On being ... obscene

 By Ingrid Sapona 

Call me naïve, but I was shocked when I read recent news to the effect that the current Ukrainian counteroffensive is being waged – in part – to demonstrate to western governments that the arms and support they’ve provided Ukraine is paying off. According to the New York Times, “There is little doubt the new military drive will influence discussions of future support for Ukraine as well as debates about how to guarantee its future.” That certainly explains why there’s been so much talk about the timing of the counteroffensive – to heck with the element of surprise. (Maybe there is no such thing as surprise in an era of satellite and drones, I don’t know…) 

Obviously, how Ukraine fares in the counteroffensive matters. If, for example, Ukraine retakes land or inflicts heavy damage to Russian military forces and equipment, Russian morale may suffer, which could impact Putin’s calculus. The more Russian weaponry and equipment is lost in battles, the more countries like Poland may feel it’s less likely that Russia might decide to roll into their territory. Of course, if Russia is severely depleted of personnel or equipment, there’s also the obvious concern it might turn to nuclear weapons. Ultimately, Ukraine’s and Russia’s view of their respective successes/failures – counteroffensive or not – will impact their willingness to negotiate an end to the war and the terms they might accept.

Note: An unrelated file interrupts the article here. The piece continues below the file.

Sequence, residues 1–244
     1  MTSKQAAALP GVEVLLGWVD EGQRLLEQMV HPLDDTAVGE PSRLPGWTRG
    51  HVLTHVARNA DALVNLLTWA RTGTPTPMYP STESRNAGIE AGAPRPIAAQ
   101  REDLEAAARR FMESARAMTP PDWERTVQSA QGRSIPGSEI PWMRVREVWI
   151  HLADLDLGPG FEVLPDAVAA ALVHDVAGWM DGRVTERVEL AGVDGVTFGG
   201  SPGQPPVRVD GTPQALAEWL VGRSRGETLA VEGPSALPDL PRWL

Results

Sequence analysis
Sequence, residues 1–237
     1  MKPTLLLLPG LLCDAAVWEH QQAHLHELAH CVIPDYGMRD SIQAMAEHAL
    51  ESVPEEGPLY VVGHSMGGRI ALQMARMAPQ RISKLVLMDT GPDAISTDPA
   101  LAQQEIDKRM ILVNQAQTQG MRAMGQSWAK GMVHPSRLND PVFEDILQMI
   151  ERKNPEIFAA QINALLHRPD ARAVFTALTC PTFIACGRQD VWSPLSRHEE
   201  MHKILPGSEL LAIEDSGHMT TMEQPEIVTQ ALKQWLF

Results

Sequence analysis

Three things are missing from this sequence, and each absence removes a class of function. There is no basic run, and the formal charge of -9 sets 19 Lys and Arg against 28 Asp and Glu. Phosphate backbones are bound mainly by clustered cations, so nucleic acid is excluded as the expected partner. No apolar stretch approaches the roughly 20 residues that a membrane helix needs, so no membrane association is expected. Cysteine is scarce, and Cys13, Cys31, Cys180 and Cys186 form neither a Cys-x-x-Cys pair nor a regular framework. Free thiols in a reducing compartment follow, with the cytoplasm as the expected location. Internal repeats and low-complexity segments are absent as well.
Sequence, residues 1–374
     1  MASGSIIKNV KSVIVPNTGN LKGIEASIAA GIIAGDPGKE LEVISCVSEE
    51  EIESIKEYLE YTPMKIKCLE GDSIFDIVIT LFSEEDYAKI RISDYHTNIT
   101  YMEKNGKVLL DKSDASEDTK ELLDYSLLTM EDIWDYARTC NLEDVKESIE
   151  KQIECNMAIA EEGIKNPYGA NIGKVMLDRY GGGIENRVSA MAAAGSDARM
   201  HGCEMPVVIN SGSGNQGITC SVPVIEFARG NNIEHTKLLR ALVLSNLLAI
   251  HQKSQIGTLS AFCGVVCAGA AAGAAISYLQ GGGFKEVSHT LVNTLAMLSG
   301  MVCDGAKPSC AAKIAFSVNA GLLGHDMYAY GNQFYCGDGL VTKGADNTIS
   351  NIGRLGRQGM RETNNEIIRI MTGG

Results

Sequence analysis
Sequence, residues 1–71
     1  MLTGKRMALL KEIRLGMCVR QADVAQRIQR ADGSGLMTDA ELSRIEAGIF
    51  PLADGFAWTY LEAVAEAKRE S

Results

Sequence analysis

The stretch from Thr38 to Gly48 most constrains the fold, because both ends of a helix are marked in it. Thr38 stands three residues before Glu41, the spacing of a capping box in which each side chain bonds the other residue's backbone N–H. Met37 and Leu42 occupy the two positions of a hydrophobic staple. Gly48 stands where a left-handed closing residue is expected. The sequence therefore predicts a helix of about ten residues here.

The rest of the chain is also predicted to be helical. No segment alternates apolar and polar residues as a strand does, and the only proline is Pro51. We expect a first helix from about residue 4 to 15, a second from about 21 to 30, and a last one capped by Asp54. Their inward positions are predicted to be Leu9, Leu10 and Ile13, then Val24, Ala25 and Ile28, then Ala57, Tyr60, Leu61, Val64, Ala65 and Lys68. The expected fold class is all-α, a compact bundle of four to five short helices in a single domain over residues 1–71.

That same New York Times article also talked about what might happen if the Ukrainian counteroffensive fails. “If battle lines stay relatively unchanged or Ukraine is unable to recapture a significant city, some officials in allied capitals or Congress will likely raise doubts about the war, especially if Ukrainians lose too many troops and a lot of equipment is destroyed.” 

What does it mean to have “doubts about the war”? What is to doubt? Ukraine was invaded and for nearly 16 months Ukrainians have been sacrificing their lives, livelihoods, and homes to fight off a force with imperial designs. They have shown themselves to be brave, resourceful, and resilient. And yet, per the New York Times, “… according to European diplomats, failure would look like a Ukrainian army that has not learned to fight, has lost equipment given to them in recent months and gained no territory to show for that…” How dare anyone imply that Ukraine has not “learned to fight” – they certainly haven’t been sitting by baking cakes. True, they have needed training in some of the advanced systems the allies have provided, but from most accounts, they have been quick studies.  

The NY Times article goes on to say that Biden and UK Prime Minister Sunak have indicated they will continue supporting Ukraine for as long as it takes. I hope that’s the case because the notion that continued support for Ukraine might hinge on the success of the counteroffensive is obscene. The allies can certainly take credit for having provided greatly needed support to Ukraine, including billions of dollars of equipment. But, anyone who thinks such aid is for the sole benefit of Ukraine is truly naïve. Countries aiding Ukraine are doing so in hopes that the battle doesn’t escalate into a full-out world war, as that would cost us all a hell of a lot more than just weapons. 

© 2023 Ingrid Sapona


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